Mid-April in a Connecticut Garden–Garden Bloggers’ Bloom Day

Spring is emerging at a slower rate in 2013 compared with 2012 in Connecticut. As much as the sun tries to warm the ground and the bodies of busy gardeners, chilly temperatures continue to hold on through this mid-April Garden Bloggers’ Bloom Day, the day Carol, at May Dreams Gardens, hosts a ‘What’s blooming?’ garden party for bloggers all over the world.

On this date last year lilac blossoms were just a few days from opening and the blooms of many narcissi and all crocus had already gone by. This year the last of the crocus bloomed yesterday,

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and the earliest of my narcissi, the Tete-a Tete’s, are still in bloom while later narcissi have just begun to open. Adjacent thyme, lamb’s ear, santolina, and Siberian iris are beginning their spring growth but have yet to overtake the mulch blanketing the ground. Wonder why the old garden forks? They keep local deer from nibbling the foliage of the Tete-a-Tete’s, something they have done in passed springs.

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Perennials slowly grow taller and send out young leaves in spite of the cool temperatures,

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but much of the color must be appreciated up close.

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Though blueberry flowers are beginning to open and the new leaves of native American beech are shoving aside the dry remains of last year’s leaves, the most striking color in my gardens comes from the inside clivia bloom.

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These rich colors remind that warm weather is bound to arrive soon … isn’t it?

Head over to May Dreams Gardens to feast your eyes on blooms from elsewhere.

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Devil’s Hopyard Fire-A Year of Regrowth

Devil’s Hopyard State Park, in East Haddam, Connecticut, was a hot topic a year ago. A fire that burned about 150 acres of the park kept local and state firefighters busy for quite a few days and even held the attention of news organizations for more than 24 hours.

A week after the embers and risk for rekindles died, my husband and I hiked along the orange trail to the vista to observe the fire’s aftermath. (See the photos by clicking the link) The contrasts were striking. It was easy to see where the fire was the hottest – along upward slopes – and where it simply burned the leaf litter.

Yet, in just a couple of weeks and once spring rains fell, ferns began to shoot out of the blackened ground.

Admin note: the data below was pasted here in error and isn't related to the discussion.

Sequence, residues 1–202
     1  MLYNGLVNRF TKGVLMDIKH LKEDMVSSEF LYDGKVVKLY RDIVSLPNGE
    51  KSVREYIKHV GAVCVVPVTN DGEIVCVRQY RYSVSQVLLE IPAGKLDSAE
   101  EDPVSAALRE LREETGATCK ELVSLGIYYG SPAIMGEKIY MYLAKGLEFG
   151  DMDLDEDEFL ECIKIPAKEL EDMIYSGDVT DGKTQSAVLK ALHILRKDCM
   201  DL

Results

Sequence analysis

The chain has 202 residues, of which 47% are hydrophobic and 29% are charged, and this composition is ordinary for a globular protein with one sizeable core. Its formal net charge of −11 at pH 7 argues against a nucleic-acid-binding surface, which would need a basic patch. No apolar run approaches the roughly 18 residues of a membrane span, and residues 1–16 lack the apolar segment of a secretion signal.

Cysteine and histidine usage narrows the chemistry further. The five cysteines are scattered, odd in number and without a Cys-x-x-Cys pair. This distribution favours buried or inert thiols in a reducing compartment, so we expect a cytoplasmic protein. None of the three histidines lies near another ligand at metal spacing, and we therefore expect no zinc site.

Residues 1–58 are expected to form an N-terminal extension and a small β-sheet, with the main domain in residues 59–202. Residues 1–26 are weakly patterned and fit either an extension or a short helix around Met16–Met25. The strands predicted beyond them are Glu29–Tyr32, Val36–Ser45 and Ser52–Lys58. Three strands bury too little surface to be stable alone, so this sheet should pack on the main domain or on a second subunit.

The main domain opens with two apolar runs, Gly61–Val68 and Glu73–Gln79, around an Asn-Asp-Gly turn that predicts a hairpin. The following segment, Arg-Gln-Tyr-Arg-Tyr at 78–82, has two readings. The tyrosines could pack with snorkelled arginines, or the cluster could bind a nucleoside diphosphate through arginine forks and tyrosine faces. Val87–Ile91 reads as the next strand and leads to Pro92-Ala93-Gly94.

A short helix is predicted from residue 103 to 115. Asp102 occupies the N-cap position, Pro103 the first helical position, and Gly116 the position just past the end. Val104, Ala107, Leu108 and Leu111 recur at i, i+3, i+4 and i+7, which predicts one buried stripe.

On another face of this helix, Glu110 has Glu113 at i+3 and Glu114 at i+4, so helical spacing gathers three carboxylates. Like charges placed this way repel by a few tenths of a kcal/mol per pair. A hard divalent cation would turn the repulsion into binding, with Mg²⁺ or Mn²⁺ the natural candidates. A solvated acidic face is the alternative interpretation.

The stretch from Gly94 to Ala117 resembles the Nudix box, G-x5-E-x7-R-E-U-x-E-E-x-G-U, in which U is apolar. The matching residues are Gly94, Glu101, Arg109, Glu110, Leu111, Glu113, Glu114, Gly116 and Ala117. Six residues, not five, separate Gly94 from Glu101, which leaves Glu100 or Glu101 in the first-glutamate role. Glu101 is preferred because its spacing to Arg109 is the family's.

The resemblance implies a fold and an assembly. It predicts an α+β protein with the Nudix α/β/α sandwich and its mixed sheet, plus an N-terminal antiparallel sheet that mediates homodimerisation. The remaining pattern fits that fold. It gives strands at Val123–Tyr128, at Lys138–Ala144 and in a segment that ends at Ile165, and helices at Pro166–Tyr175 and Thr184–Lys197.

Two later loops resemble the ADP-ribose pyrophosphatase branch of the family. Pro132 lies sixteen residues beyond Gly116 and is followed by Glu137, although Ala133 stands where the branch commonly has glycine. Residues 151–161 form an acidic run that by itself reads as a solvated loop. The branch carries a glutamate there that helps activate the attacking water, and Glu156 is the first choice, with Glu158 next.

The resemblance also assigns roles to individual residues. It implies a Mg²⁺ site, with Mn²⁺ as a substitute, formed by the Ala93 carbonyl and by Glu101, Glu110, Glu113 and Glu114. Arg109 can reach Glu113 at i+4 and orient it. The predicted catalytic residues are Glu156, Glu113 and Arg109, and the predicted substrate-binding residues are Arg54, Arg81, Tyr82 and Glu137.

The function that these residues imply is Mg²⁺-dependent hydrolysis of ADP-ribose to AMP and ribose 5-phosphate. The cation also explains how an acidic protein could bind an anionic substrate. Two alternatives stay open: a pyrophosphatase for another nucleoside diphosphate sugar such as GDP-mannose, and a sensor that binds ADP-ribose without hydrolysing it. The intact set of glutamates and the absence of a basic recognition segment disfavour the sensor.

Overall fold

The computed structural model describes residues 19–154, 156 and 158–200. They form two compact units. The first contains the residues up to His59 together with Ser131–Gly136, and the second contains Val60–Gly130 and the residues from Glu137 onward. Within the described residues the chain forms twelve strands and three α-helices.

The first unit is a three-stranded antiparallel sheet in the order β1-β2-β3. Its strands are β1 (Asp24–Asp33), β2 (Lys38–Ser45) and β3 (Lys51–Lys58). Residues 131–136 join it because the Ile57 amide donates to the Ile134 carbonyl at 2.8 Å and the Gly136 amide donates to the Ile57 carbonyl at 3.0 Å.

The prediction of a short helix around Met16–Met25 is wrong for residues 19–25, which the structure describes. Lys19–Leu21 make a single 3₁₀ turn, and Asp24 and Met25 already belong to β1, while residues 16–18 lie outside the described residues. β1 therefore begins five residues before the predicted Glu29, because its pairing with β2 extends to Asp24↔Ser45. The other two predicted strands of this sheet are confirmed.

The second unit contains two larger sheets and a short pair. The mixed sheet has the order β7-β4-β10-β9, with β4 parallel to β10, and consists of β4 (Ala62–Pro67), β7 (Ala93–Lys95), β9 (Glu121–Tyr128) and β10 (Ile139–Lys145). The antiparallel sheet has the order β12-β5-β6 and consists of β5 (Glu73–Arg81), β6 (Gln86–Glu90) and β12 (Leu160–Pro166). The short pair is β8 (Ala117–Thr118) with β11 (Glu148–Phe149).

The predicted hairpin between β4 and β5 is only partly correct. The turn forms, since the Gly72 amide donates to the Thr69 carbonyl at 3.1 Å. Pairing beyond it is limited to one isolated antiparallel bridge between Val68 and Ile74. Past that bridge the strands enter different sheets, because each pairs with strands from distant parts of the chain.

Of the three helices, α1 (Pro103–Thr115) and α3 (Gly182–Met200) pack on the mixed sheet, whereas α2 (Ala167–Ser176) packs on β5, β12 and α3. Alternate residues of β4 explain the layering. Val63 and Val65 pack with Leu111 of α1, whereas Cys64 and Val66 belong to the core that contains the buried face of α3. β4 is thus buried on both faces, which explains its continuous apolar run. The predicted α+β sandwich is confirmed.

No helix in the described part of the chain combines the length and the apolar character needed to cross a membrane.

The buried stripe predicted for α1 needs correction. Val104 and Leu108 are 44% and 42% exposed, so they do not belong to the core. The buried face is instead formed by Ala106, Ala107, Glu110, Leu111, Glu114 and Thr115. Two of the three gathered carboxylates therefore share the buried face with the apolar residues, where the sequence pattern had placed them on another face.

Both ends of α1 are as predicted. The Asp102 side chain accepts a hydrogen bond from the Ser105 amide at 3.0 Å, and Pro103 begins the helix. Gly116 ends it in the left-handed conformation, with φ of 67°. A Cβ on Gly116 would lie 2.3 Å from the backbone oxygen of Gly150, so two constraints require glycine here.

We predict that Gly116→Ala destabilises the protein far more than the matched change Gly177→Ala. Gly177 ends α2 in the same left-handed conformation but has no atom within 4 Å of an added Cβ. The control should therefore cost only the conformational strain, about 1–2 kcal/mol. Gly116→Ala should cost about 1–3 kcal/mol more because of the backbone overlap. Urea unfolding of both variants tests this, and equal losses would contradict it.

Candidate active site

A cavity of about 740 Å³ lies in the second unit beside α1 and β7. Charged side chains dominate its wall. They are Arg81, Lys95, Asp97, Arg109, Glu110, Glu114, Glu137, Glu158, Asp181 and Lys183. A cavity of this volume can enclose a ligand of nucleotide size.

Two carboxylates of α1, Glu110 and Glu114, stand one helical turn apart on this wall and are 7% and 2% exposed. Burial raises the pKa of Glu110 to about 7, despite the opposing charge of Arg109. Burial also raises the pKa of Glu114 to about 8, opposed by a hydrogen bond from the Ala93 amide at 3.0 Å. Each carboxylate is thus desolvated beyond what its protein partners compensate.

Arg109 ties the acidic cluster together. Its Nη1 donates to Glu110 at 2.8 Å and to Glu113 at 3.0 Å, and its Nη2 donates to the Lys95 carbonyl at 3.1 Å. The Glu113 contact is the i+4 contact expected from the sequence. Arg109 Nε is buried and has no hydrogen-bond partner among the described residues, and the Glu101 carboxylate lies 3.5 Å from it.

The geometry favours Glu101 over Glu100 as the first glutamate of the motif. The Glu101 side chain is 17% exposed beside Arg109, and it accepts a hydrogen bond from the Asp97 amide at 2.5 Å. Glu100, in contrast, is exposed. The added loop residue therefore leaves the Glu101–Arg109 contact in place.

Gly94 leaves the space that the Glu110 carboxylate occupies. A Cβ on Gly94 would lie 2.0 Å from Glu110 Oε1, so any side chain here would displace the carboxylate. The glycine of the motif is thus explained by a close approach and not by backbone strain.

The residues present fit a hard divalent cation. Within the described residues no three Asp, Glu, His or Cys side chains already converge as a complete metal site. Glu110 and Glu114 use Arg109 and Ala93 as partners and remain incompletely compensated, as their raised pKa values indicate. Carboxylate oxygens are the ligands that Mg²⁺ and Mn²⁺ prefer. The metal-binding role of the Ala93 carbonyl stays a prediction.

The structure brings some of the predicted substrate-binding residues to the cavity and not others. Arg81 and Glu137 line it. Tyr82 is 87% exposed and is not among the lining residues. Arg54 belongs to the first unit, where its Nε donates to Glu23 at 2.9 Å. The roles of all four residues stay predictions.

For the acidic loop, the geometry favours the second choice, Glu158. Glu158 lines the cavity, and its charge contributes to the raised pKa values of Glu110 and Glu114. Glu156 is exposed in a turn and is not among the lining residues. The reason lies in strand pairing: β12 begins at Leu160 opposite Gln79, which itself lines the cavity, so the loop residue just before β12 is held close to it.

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By August of 2012 forest grasses filled many of the lightly burned areas.

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Even areas where the fire was the hottest showed signs of recovery four months later.

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Now, a year later, we hiked many of the the same areas of the park to observe how burned sections of the forest look after a full year. Here’s a section of ledge outcropping one week after the fire.

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This is the ledge area a year later. The photo above is of a section just to the left of the photo below. A year ago the area below was totally blackened.

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The view from the vista a year ago reveals where fire moved along the slope.

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The view a year later.  A few small trees still have blackened trunks but evidence of the fire is barely visible at the ground level.

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The fire was most intense along the upward slope along the orange trail leading to the vista. A year ago this slope was completely blackened.  Fire consumed all the leaf litter and was fueled by many fallen trees and standing dead or declining trees. Below are views of the same slope, but from  different angles.

One week after the fire, looking up the slope.

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A year after the fire, looking down the slope.

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There are still blackened trees – only time will tell how many eventually succumb to fire damage – but the burned leaf-litter remains has been absorbed into the ground and is now covered by leaf litter from surviving trees that leafed out last spring and dropped their leaves last autumn … just as they have for decades.

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